I’ve debated all day whether to write about the sounds of my neighborhood or my client with cancer. On the one hand, (or topic) it’s semi-frivolous, which is good for Saturdays. On the other hand… dealing with cancer is a far more important topic. So I mix them both tonight.
The day has been filled with normal Saturday things. Cleaning the house, running errands, finding some fun, time to sit on my deck and let the sunshine feed my soul… and grocery shopping… ah yes, grocery shopping.
I live in a fairly small community. Most folks know if something major is going on in someone’s life. And if something major is going on, everyone pitches in to help or celebrate. In whatever form that may take. Bring ‘em a meal if they have had surgery or a baby. Sit with ‘em if they just lost a family member. Rejoice with ‘em if they just got a job or a promotion.
Set up a fundraiser to help with the huge expenses of chemo and radiation when they are self-employed and haven’t the insurance to cover the costs.
I’ve known for weeks now that a client has cancer and is not doing well. It is well known that she probably won’t make it. But…
There is a surprise fund-raiser set up to help her with financial issues. It’s scheduled for next week. People in the community are donating things for live and silent auction items… and there is a big lunch set up to do this auction, with all the proceeds from the lunch going to the lady with cancer. The restaurant is only keeping the exact costs of the food… and donating their wait staff time.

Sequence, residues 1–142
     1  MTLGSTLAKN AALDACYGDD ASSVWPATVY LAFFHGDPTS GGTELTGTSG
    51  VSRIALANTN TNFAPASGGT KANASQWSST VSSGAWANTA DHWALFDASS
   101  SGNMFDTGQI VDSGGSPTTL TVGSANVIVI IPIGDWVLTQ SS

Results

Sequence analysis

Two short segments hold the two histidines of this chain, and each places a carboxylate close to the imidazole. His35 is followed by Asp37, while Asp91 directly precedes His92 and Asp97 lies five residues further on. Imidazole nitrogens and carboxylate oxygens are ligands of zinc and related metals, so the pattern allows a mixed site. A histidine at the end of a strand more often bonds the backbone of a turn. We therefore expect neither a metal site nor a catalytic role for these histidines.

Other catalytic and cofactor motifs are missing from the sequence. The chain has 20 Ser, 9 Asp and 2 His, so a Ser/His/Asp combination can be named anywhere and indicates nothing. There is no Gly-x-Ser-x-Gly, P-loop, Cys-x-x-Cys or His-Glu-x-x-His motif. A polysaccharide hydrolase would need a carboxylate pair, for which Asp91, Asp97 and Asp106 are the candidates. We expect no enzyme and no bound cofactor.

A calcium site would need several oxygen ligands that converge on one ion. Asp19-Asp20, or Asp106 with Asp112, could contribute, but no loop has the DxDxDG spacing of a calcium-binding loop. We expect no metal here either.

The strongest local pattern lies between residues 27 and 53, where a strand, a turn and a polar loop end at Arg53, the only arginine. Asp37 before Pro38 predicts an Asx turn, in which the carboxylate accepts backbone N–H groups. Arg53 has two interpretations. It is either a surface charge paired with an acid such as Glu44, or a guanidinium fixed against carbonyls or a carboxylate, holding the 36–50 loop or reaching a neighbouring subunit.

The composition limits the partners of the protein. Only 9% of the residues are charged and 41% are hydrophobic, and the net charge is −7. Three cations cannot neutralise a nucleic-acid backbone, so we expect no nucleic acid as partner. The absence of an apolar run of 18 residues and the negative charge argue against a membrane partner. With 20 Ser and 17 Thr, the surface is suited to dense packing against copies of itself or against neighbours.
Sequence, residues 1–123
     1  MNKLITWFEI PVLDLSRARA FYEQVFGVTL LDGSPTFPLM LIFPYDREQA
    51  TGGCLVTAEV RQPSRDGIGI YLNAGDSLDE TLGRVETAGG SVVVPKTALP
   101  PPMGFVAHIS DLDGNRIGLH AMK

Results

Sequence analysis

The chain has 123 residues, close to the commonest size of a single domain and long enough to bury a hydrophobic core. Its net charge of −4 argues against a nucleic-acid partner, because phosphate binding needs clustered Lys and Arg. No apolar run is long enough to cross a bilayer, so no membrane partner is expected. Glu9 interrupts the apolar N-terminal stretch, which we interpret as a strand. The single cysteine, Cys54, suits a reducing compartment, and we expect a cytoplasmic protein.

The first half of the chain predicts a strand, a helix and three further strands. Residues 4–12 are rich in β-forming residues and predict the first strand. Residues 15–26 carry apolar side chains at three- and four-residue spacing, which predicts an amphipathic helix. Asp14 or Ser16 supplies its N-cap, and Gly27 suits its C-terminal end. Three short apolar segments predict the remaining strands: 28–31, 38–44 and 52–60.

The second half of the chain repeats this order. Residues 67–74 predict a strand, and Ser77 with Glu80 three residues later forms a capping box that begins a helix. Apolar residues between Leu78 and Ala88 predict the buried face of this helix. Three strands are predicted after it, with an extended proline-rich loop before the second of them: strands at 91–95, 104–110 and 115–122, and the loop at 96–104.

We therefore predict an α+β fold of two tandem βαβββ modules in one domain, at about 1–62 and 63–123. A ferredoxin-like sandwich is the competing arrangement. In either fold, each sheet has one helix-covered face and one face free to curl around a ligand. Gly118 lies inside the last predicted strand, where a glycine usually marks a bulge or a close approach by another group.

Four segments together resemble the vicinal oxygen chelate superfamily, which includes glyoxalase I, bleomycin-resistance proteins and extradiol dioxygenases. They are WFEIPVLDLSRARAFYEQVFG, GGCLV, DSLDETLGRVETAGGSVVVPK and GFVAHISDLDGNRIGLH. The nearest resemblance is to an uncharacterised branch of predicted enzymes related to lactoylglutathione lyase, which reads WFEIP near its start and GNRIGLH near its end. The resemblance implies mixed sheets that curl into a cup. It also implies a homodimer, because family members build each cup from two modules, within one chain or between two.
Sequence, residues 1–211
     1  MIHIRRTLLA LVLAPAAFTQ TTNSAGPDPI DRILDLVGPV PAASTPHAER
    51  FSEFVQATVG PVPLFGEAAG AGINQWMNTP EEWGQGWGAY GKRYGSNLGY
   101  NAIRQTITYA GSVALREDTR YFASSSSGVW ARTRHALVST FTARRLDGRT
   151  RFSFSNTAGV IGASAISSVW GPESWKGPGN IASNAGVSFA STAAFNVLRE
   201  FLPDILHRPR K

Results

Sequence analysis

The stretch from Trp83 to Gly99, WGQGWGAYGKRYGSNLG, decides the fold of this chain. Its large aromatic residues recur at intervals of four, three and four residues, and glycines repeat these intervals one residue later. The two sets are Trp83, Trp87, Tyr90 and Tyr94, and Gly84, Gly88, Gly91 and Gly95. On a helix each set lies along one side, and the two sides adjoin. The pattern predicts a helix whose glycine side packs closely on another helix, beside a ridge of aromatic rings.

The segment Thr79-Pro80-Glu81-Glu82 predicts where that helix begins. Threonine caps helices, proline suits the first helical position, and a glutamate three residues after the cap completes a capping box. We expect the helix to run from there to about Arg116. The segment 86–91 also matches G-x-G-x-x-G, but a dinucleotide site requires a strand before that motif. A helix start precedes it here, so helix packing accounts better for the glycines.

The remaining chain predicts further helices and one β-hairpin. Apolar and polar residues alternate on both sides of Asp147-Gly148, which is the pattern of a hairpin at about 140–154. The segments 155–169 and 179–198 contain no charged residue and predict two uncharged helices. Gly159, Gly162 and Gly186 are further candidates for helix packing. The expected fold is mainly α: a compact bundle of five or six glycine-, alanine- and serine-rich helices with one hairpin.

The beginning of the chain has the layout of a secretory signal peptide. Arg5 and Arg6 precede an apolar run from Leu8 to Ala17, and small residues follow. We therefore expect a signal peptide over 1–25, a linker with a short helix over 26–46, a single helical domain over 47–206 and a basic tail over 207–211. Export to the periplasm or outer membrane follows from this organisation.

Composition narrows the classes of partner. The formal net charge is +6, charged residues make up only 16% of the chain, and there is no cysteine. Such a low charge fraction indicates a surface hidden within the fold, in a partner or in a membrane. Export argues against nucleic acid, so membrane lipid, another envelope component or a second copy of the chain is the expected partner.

Several folks from my office have donated items. I’ve given a set of picnic-ware to be auctioned off.
But today I went grocery shopping…
… and there she was. A woman on a store scooter, wearing a pink scarf tied around her head to hide the loss of her hair. Hard to recognize, but it certainly was my client with cancer.
She didn’t see me and I could have breezed on by. Since she didn’t see me, she never would have known that I saw her. Pulling Kleenex from the shelf and putting it in her cart. Riding the store scooter because she doesn’t have the strength anymore to walk to do her shopping.
I had to go back and talk to her. It was good. She was so glad I stopped. We talked about how hard chemo is (I saw tears in her eyes) and if I could help with casseroles for her freezer. I think I will never forget how her face lit up when I told her that I’d recognized her for her face in spite of the loss of hair.
I came home, hugged my sweet husband and went outside to sit in the sunshine and let it feed my soul. Listening to the sounds of children playing hide-and-seek in my neighborhood. The buzzing of bees as they check me out and inspect my glass of wine. Hearing mariachi music from down the street and my next-door neighbor pressure washing his house in order to paint it.
Reflecting on how good my life is, no matter how stressful my individual days may be.